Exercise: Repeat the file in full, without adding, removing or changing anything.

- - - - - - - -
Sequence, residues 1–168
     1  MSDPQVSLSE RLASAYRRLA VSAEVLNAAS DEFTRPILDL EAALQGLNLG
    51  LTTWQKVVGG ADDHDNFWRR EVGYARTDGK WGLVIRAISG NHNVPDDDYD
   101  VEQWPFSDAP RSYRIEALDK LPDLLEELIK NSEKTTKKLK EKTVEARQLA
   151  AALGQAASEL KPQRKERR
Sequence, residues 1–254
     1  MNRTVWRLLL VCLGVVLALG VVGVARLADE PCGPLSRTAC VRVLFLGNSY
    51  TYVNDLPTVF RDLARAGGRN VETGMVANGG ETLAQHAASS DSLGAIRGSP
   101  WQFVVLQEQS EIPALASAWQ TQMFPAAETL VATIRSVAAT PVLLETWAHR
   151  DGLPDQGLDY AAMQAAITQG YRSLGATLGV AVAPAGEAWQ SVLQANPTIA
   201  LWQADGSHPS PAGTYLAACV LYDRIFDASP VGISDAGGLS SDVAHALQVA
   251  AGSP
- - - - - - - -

Sequence, residues 1–168
     1  MSDPQVSLSE RLASAYRRLA VSAEVLNAAS DEFTRPILDL EAALQGLNLG
    51  LTTWQKVVGG ADDHDNFWRR EVGYARTDGK WGLVIRAISG NHNVPDDDYD
   101  VEQWPFSDAP RSYRIEALDK LPDLLEELIK NSEKTTKKLK EKTVEARQLA
   151  AALGQAASEL KPQRKERR
Sequence, residues 1–254
     1  MNRTVWRLLL VCLGVVLALG VVGVARLADE PCGPLSRTAC VRVLFLGNSY
    51  TYVNDLPTVF RDLARAGGRN VETGMVANGG ETLAQHAASS DSLGAIRGSP
   101  WQFVVLQEQS EIPALASAWQ TQMFPAAETL VATIRSVAAT PVLLETWAHR
   151  DGLPDQGLDY AAMQAAITQG YRSLGATLGV AVAPAGEAWQ SVLQANPTIA
   201  LWQADGSHPS PAGTYLAACV LYDRIFDASP VGISDAGGLS SDVAHALQVA
   251  AGSP